Analysis of Muslim Column Losses Due to Minefields and Combat Activity” by Stephen Karganovic: .Proceedings of the International Symposium on ICTY and Srebrenica (Belgrade-Moscow 2010)

 Was Srebrenica a Hoax? Eye-Witness Account of a Former United Nations Military Observer in Bosnia by Carlos Martins Branco

Media Disinformation Frenzy on Srebrenica: The Lynching of Ratko Mladic by Nebojsa Malic

Media Fabrications: The “Srebrenica Massacre” is a Western Myth

What Happened at Srebrenica? Examination of the Forensic Evidence by Stephen Karganovic

Using War as an Excuse for More War: Srebrenica Revisited by Diana Johnstone

The Srebrenica Massacre: Evidence, Context, Politics by Edward S. Herman and Phillip Corwin

NIOD (Netherlands Institute for War Documentation)/Srebrenica investigationreport

INTELWIRE.com has published over 2.000 pages of of declassified U.S. State Dept. Cables about Srebrenica

UN Report:The Fall of Srebrenica


Kurdistan Taking Shape – with Israeli Support

July 2, 2017

We must support the Kurds’ aspirations for independence; they deserve it” (PM Benyamin Netanyahu)

An independent Kurdish state, an idea that the countries where the Kurds live – Turkey, Iraq, Syria and Iran – strongly oppose, has one strong ally namely Israel. It might be surprising that Israel has long promoted cordial relations with the Kurds, particularly the Kurdistan Regional Government in Iraq (KRG). From Kurdish side there is believe that Israel can be their best lobby in the West for the project of a Kurdish state.

On 25th September 2017, a referendum will be held on the future of the autonomous Kurdistan region of Iraq – whether remain within the Iraqi state or become an independent state. This referendum will be the Kurds’ first step towards the realization over century-long dream of an independent Kurdistan.

The Kurds have suffered persecution and oppression in the countries where they reside: Iraq, Iran, Syria, and Turkey. The Kurds now constitute the largest national group in the world without a state to call their own.

In Iraq, after the fall of Saddam Hussein in 2003, the Kurds got a broad autonomy and also respect from outside especially due to the considerable assistance provided by the Peshmerga, the Kurdish military militia, to the war effort against ISIS.

Despite this the current Iraqi government more or less oppose Kurdish independence, according Bagdad the Kurds are an inseparable part of Iraqi society. One reason for this approach might be disputes between the Kurdistan Regional Government in Iraq (KRG) and the Iraqi government over oil ownership in Kurdistan and the reimbursement of funds demanded by the government for the sale of that oil.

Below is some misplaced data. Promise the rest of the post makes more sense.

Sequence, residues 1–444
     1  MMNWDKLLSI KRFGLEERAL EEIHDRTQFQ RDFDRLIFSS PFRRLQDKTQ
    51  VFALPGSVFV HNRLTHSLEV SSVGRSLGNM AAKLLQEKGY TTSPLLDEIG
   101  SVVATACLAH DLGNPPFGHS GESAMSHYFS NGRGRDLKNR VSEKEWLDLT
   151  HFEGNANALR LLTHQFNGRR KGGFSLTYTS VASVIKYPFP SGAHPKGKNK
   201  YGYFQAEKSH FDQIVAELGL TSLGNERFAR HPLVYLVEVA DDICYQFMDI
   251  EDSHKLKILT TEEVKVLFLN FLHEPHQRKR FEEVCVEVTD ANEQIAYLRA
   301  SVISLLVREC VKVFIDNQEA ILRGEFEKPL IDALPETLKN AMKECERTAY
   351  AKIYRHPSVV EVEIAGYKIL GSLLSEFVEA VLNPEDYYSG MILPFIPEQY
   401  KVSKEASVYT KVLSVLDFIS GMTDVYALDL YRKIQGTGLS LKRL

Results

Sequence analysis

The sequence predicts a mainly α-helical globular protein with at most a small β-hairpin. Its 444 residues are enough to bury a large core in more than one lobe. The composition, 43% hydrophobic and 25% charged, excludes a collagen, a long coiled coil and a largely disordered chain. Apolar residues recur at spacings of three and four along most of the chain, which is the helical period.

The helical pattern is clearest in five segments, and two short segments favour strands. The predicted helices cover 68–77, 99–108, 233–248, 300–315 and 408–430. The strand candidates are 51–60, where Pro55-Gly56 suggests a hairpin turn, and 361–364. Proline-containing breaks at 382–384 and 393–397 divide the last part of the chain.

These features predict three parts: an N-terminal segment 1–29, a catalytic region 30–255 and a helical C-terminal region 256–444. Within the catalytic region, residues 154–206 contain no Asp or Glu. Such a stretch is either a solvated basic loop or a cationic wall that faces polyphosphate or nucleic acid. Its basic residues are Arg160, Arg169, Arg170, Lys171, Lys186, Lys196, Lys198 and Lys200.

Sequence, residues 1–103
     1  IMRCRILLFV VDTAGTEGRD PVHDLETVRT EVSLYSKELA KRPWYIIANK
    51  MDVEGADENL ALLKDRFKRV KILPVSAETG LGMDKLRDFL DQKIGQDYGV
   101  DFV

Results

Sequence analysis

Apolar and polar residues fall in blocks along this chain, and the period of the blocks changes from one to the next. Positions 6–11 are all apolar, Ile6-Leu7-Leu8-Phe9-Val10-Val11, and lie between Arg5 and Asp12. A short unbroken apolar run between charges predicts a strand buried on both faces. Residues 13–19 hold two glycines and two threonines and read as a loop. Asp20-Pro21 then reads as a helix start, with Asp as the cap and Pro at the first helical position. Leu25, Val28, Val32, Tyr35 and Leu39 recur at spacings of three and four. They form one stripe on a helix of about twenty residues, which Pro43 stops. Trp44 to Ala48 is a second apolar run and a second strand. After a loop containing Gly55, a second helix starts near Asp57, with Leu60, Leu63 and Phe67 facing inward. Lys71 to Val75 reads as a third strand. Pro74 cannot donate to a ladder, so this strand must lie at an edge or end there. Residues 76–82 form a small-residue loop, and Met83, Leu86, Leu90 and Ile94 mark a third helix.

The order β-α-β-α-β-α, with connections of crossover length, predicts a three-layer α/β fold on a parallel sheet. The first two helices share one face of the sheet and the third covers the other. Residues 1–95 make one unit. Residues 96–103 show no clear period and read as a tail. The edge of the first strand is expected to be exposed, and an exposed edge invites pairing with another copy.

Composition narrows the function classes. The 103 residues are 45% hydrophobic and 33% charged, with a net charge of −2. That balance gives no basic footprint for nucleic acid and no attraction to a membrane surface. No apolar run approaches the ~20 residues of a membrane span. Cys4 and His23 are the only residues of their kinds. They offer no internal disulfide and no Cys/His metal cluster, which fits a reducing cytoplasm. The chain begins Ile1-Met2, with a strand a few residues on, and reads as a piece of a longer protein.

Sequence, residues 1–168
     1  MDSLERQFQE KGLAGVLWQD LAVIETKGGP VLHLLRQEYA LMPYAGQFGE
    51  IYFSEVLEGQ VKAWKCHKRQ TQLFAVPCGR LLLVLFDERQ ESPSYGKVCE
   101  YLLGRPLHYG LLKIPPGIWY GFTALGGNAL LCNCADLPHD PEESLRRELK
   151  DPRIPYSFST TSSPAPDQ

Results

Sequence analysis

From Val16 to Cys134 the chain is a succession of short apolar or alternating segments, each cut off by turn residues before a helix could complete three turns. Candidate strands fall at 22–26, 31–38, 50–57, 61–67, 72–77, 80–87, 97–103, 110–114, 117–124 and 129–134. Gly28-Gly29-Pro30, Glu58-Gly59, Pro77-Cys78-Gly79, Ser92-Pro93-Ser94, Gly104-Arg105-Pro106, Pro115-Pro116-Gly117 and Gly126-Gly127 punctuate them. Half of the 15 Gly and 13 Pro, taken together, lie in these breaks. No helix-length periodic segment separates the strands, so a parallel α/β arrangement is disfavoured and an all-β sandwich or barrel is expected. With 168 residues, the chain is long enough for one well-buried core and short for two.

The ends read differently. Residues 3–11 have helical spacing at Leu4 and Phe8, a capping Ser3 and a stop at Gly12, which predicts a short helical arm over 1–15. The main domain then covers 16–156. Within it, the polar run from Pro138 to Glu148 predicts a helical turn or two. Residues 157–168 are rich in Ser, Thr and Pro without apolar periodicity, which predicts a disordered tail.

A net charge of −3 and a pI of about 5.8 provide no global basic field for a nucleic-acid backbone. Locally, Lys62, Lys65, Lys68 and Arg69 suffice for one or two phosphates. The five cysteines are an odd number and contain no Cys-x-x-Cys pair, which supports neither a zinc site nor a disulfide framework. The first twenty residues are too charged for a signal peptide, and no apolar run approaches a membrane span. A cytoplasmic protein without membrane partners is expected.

Dr. Edy Cohen has recently published his analysis Kurdistan: From Referendum to the Road to Independence and concludes following:

For its part, Israel has an economic and security interest in supporting a Kurdish state. In view of the profusion of jihadist militias in Syria and Iraq, Jerusalem must be involved in developments in Kurdistan. It would be in Israel’s interest for the IDF to train and instruct Peshmerga soldiers in any future Kurdish state. One could go further – it might be sensible to build an air force base in Kurdistan for the state’s protection. Moreover, the independent Kurdish state may well allow the restitution of its former Jewish population, driven from Iraq for its plundered property, thus setting an important precedent for future Arab-Israeli peace agreements.

 

Israeli involvement with the Kurds is not a new phenomenon

In its search for non-Arab allies in the region, Israel has supported Kurdish militancy in Iraq since the 1960s. In 1980, Israeli premier Menachem Begin publicly acknowledged that besides humanitarian aid, Israel had secretly provided military aid to Kurds in the form of weapons and advisers. Israel and the Kurds also share a common bond through the Kurdish Jews in Israel. Prominent among them is Itzhak Mordechai, an Iraqi Kurd who was defense minister during Benjamin Netanyahu’s term nearly two decades ago.

Many Iraqi leaders accuse the president of the Kurdish autonomous region, Massoud Barzani, of collaborating with Israel, thereby hinting at the military assistance given by Israel in the 1960s and 1970s to the Kurds under the leadership of Mustafa Barzani (Massoud’s father) in their war against the central government. Israeli television has in the past broadcast photographs from the 1960s showing Mustafa Barzani, embracing the then Israeli defense minister Moshe Dayan.   According to Eliezer Tsafrir, a former senior Mossad official, in 1963–1975 Israel had military advisers at the headquarters of Mulla Mustafa Barzani, and trained and supplied the Kurdish units with firearms and field and anti-aircraft artillery. Israeli media in 2004 reported about the meetings of Israeli officials with Kurdish political leaders when Massoud Barzani, Jalal Talabani and the former Israeli Prime Minister Ariel Sharon publicly confirmed the good relations with the Iraqi Kurdistan region.